As an architectural historian, architects’ drawings are often essential to my work. So I was dismayed when a recent article in the Detroit News reported that drawings and blueprints from Minoru Yamasaki’s (now defunct) architectural firm, including rare original blueprints of the World Trade Center Twin Towers, were being sold on eBay. The seller had salvaged them when the firm was throwing out its materials prior to a move (some of the firm’s materials were also rescued (literally at the last minute) when it went out of business and are now in Michigan’s State Archives). 
 
The preservation community is increasingly recognizing the value of Modern architecture and design and working to identify the most significant examples of the era...and I was proud to be part of the designations this year of Yamasaki’s McGregor Memorial Conference Center and Detroit’s Lafayette Park as National Historic Landmarks. Yet many Modern resources are under threat because their materials and systems are reaching the end of their useful life or the public has simply not yet recognized their aesthetic or historical value.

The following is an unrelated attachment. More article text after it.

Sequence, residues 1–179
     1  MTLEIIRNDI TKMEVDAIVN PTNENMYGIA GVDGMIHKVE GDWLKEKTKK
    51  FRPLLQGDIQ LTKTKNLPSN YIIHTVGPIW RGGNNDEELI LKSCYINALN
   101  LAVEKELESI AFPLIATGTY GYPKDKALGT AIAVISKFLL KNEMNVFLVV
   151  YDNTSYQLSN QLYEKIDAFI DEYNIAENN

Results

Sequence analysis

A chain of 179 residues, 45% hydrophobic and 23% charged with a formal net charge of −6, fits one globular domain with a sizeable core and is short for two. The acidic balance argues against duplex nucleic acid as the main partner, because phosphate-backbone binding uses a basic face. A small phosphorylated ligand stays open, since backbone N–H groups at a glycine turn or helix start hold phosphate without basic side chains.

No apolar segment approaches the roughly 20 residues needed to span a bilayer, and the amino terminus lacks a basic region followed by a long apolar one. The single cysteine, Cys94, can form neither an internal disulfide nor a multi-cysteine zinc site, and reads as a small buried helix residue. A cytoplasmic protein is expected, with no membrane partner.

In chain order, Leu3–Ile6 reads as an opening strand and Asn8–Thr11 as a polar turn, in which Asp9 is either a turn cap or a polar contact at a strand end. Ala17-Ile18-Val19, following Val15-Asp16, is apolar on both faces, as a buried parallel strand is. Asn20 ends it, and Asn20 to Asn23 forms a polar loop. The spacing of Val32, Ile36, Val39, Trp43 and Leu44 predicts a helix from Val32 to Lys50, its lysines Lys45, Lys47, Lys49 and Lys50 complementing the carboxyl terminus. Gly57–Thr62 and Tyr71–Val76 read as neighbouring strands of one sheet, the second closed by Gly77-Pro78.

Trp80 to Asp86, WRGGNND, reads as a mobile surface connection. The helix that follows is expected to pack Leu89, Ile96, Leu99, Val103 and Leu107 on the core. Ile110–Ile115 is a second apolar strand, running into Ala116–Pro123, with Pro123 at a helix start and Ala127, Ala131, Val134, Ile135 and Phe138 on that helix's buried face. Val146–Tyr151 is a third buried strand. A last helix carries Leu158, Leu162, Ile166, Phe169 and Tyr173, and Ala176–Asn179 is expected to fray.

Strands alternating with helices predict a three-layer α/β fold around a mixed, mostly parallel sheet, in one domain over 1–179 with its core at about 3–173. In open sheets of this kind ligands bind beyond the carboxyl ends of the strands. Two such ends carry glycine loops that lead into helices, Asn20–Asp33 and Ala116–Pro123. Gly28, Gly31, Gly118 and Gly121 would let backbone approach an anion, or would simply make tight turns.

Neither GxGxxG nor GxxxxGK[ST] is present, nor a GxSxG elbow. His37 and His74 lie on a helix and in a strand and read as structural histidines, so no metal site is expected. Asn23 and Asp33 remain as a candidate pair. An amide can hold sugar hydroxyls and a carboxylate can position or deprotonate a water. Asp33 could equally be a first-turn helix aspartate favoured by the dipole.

I would include not only Modern buildings and landscapes in the threatened category, but also the sources used to research them. In the case of the Yamasaki drawings, it is fortunate that at least some of the documents were saved (although I would argue they belong in an archive where everyone can access them) when they were destined for the trash. But how many other architectural firms are throwing away potentially valuable documents because they lack the storage space, or the understanding to recognize their importance to future researchers? This era also utilized the first non-paper storage technologies – microfilm and microfiche, and even the tapes, floppy disks and early storage drives of the 1970s and 1980s. How many firms still have the technology to view these? And while Mylar was still used for some permanent drawings in this era, the majority of paper from the modern era will not survive for long, especially in the damp basements that are typically used for storage. 
 
Like the Modern resources they document, architects’ drawings, specifications, and planning documents from the mid-century era need to be valued for the information they can give us about the resources they represent and the era in which they were created.